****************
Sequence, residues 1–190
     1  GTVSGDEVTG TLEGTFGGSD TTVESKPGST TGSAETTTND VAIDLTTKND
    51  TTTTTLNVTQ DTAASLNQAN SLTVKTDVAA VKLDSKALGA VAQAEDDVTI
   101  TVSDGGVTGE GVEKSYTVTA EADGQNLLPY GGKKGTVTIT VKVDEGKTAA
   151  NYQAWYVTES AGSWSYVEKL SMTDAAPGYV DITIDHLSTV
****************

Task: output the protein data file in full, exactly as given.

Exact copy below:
Sequence, residues 1–190
     1  GTVSGDEVTG TLEGTFGGSD TTVESKPGST TGSAETTTND VAIDLTTKND
    51  TTTTTLNVTQ DTAASLNQAN SLTVKTDVAA VKLDSKALGA VAQAEDDVTI
   101  TVSDGGVTGE GVEKSYTVTA EADGQNLLPY GGKKGTVTIT VKVDEGKTAA
   151  NYQAWYVTES AGSWSYVEKL SMTDAAPGYV DITIDHLSTV